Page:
Radio pulsars are detected through regular, periodic "pulses" of radio emission. Pulsars are actulaly rapidly spinning neutron stars. A neutron star (NS) contains about as much material as the Sun, packed into a ball 20-30 km across. As the NS rotates, beams of radiation sweep around like light beams from a lighthouse. We see a pulse whenever the one of the beams shines directly at us. Pulsars have spin periods from several seconds (impressive enough) down to nearly 1 millisecond!

Polarization profile of millisecond-pulsar B1821-24 (spin period = 3.05ms)
(Backer & Sallmen, 1997, The Astronomical Journal, 114, 1539)

Research Projects

Dr. S. spent much of her graduate career trying to figure out what makes pulsars shine. They pulse because they're spinning, but what is going on to produce the beam? The polarization properties of millisecond pulsars are an important clue, as is analyzing the pulse statistics and pulse shape stability of these objects. Determining that the Crab Pulsar's giant pulses occur simultaneously at widely separated frequencies was a highlight. Her Ph.D. thesis is Millisecond Pulsars: Decoding Magnetospheres.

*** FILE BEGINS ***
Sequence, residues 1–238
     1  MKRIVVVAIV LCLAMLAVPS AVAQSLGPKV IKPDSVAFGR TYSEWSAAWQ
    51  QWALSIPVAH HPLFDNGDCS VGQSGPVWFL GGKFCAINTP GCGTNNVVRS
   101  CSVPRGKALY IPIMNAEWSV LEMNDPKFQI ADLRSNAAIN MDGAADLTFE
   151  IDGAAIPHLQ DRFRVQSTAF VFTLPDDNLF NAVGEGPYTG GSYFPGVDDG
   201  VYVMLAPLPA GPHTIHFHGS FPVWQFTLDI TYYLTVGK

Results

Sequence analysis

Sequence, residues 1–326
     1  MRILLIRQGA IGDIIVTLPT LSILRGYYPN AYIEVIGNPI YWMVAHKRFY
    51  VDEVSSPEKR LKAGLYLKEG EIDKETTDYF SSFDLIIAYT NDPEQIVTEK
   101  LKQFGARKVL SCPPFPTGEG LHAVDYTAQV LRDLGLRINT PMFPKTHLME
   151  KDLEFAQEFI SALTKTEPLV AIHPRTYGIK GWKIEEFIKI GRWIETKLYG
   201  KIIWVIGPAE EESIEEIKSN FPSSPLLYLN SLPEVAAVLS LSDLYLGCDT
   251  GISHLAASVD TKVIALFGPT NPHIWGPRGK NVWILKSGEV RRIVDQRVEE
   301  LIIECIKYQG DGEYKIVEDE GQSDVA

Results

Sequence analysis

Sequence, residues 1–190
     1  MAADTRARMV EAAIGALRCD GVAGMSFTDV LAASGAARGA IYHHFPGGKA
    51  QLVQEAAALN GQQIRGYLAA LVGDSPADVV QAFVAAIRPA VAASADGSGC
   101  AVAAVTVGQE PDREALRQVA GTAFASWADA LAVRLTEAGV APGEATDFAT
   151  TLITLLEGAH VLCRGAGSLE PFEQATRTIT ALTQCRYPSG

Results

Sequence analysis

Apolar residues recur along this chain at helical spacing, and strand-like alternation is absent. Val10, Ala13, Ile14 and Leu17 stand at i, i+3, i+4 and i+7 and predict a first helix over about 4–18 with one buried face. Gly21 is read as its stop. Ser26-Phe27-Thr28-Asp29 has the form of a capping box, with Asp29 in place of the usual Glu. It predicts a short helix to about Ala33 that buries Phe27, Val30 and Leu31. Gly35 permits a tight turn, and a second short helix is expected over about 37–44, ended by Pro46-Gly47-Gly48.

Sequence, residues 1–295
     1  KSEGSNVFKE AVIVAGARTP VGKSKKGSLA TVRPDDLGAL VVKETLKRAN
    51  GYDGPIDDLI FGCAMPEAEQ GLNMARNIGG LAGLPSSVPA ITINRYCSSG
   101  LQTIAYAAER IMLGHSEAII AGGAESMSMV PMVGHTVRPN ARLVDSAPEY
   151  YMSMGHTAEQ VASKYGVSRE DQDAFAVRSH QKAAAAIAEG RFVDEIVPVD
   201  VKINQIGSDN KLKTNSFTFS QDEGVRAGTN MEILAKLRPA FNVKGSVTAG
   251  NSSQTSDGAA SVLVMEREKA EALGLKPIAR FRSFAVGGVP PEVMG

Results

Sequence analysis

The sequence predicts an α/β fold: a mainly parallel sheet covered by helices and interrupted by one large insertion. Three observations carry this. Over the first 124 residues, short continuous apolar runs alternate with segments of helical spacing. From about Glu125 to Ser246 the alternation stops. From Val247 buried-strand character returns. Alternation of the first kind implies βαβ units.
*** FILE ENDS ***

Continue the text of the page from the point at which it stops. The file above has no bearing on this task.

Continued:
In addition, pulsars are extremely useful beasts. Pulsar timing can tell us about planetary companions to pulsars. Binary pulsars can be used to test predictions of Einstein's Theory of General Relativity, and a Pulsar Timing Array could potentially detect Gravitational Waves. Simple web searches can help you find more about all of these!

While at UW-L Dr. S. and undergraduate students reduced and analyzed 6 years of archival radio pulsar data (from NRAO's 85-foot telescope in Green Bank, WV) on the Vela pulsar to investigate the properties of the ISM and the Vela Supernova Remnant.

Online Pulsar Introductions

Back to Website for Dr. Shauna Sallmen

Last updated August, 2014